Labour's grassroots are fairly silent, in fact dissatisfaction is largely only visible by the decline in members; one rarely hears discontent from the members. However LabourHome provides a forum for criticism, and is often used as such; but now it is also providing voice for a campaign to take back control over party finances and ensure members [especially Union members] fees are not wasted. According to PR Week, the "plotters" have learned their lessons from US political communication, particularly the Hillary Clinton campaign, that a key way to gain momentum is to target key groups via web-based fora. Though reading the site I am not sure if the language used by PR Week of 'plotters' or 'overthrow' is appropriate, but it is a concerted effort to get Dromey removed in light of questions surrounding party funding and those of his wife's campaign and install Mark McDonald described as "one of our own".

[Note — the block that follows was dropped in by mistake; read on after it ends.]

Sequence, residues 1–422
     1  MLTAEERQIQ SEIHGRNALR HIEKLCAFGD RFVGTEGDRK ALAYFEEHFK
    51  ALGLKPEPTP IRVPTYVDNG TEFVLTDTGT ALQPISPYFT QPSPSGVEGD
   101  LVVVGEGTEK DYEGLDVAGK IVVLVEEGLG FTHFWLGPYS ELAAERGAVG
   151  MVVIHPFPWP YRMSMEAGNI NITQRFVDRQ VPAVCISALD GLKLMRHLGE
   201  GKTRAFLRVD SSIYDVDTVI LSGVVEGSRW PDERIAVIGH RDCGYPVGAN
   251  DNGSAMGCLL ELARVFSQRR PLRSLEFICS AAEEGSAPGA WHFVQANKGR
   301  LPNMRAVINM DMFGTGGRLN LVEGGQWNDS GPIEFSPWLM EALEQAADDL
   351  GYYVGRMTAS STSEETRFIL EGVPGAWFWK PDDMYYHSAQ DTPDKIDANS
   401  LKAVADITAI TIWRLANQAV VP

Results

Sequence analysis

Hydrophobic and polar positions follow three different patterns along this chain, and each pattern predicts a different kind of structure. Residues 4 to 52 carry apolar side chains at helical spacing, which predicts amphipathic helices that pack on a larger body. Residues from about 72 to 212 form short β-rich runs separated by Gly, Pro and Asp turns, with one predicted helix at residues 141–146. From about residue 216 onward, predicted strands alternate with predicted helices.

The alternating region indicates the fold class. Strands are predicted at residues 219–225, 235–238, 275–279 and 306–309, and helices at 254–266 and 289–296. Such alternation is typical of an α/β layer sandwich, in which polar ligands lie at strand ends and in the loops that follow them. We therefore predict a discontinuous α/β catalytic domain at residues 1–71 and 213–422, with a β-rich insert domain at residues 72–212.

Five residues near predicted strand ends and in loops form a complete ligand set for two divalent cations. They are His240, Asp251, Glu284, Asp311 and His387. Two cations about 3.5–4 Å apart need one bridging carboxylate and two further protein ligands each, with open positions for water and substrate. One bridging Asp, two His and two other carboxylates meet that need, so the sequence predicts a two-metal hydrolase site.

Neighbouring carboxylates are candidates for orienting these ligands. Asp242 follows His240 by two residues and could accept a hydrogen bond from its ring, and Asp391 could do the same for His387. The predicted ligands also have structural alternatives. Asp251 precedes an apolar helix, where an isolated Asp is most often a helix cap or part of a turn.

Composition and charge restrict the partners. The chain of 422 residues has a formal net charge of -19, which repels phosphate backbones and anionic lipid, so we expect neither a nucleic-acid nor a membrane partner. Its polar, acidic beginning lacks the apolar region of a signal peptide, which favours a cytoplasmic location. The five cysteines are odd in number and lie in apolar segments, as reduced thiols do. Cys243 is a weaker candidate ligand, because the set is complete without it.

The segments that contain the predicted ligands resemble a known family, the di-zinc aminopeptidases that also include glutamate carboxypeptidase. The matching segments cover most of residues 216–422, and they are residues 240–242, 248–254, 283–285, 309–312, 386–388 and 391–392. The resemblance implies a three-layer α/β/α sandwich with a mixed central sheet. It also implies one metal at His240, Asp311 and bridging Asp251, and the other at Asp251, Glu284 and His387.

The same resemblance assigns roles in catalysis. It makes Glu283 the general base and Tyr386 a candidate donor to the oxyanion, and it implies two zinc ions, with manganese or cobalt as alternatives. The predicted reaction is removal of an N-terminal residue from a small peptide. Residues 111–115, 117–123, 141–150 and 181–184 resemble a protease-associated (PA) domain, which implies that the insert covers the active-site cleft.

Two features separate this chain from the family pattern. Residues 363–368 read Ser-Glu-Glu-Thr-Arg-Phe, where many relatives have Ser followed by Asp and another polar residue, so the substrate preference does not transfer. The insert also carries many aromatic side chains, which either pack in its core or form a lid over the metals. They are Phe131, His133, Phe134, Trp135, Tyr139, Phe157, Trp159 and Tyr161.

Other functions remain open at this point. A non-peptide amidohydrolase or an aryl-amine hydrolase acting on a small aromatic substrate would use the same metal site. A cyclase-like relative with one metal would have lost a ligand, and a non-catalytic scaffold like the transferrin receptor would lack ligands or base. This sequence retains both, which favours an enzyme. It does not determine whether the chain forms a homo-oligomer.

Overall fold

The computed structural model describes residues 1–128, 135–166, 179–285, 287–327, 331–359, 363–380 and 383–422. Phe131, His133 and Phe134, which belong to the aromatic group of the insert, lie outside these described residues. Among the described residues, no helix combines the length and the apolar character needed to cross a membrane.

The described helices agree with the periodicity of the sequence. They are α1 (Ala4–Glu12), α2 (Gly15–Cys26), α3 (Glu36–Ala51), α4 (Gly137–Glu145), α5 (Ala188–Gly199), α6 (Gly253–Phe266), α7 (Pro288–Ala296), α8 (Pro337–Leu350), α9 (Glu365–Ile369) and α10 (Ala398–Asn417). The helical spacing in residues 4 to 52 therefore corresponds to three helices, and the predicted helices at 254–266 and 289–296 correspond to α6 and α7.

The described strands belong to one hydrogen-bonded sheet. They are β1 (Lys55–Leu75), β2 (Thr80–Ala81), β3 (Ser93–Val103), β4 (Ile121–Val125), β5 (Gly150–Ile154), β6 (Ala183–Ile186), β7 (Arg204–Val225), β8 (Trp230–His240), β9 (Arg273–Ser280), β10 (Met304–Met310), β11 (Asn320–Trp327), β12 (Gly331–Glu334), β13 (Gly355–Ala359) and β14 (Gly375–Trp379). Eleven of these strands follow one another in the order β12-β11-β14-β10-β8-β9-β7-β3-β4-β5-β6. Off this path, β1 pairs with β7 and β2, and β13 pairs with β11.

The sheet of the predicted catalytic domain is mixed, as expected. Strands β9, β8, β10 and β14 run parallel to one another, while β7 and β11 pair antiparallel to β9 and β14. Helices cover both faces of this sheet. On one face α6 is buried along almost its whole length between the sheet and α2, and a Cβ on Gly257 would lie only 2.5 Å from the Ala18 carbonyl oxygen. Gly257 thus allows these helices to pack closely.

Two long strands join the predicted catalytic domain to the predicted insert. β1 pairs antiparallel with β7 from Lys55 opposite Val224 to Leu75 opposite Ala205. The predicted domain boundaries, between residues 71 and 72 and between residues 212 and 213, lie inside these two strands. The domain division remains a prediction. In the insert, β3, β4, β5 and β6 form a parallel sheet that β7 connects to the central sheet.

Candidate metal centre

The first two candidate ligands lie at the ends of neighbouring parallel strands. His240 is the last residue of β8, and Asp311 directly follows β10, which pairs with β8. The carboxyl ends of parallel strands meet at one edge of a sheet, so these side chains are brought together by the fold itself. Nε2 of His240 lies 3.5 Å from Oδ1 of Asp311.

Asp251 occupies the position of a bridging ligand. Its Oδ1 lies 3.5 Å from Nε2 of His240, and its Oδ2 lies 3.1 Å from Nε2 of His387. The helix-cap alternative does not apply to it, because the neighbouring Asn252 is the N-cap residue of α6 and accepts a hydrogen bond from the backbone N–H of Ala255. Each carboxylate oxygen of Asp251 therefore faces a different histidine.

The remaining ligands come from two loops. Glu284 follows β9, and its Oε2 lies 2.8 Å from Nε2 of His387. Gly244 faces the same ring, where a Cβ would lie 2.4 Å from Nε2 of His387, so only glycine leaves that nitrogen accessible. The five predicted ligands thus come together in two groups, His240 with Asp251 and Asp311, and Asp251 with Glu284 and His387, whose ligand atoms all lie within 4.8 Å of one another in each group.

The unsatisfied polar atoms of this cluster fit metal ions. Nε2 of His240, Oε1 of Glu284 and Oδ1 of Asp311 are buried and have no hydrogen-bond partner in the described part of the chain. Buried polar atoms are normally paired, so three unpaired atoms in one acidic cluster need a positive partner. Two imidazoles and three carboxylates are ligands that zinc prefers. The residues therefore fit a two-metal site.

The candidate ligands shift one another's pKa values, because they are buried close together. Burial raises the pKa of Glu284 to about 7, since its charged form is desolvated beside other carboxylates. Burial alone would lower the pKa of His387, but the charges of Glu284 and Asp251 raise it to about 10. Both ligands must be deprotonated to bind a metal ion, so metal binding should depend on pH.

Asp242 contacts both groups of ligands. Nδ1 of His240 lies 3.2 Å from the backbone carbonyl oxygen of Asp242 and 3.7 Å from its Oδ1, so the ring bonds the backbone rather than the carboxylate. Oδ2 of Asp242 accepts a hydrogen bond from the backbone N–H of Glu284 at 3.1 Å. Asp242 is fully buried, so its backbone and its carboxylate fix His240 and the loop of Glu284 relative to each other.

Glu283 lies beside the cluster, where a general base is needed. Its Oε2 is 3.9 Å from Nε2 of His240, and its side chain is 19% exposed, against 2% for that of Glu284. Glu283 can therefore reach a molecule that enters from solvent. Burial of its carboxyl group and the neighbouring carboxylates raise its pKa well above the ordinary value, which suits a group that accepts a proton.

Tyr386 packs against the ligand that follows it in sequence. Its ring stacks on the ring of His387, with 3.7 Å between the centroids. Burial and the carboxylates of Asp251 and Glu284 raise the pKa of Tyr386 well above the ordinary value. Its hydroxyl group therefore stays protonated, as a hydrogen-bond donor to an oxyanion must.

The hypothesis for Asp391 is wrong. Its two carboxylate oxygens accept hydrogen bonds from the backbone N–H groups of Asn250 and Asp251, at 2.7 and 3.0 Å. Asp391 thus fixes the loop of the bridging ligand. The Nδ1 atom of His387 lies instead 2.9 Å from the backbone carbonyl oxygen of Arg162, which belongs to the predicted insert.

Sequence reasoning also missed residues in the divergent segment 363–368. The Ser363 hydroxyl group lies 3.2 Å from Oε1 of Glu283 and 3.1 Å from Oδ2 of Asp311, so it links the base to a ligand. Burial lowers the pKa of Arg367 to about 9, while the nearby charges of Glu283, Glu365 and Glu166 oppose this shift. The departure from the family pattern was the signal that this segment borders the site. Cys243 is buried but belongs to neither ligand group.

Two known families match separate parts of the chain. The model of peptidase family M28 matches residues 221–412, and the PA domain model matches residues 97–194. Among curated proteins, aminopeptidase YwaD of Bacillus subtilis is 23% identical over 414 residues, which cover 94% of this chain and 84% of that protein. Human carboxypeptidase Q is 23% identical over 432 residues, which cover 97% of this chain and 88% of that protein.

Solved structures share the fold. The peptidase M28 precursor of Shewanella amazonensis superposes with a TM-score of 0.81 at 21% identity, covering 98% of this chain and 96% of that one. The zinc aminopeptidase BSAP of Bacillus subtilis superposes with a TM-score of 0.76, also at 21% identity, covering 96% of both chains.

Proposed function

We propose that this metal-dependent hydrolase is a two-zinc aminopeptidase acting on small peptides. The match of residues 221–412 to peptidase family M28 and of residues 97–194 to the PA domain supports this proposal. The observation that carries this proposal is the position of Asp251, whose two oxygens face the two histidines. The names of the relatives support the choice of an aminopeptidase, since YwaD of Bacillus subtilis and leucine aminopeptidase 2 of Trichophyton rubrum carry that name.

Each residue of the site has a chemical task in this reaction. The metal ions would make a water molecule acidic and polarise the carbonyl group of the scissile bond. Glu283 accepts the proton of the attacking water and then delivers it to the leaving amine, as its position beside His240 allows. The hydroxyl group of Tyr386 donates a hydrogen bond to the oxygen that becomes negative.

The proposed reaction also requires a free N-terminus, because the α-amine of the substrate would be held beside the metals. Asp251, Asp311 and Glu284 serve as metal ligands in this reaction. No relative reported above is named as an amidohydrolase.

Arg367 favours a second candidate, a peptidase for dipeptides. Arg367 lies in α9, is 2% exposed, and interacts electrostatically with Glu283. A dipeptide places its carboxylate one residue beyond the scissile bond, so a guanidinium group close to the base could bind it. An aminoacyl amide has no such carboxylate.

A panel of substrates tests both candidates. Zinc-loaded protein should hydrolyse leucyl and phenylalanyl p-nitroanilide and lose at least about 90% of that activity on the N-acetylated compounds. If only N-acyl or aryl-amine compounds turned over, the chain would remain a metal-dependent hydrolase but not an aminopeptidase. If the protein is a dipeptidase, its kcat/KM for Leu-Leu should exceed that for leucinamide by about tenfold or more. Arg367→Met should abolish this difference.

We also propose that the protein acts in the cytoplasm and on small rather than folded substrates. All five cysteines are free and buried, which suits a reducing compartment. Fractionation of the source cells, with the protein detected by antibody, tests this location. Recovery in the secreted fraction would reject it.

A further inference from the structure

What it does indicate though is that such sites must be now reaching a critical mass and have become effective ways of reaching and mobilising groups such as party and union members. As the PR Week article notes political communication lags behind the US in web use; however the exchange of personell [such as Jag Singh who PR Week says helped in Hillary Clinton's super Tuesday success - did I miss that on the news] means the web will probably become a key tool and political communication via the blogosphere that attempts to have influence through the viral nature of the internet will become far more widespread.
Guess it is working, free publicity from PR Week and from me,
what more can a campaign ask for?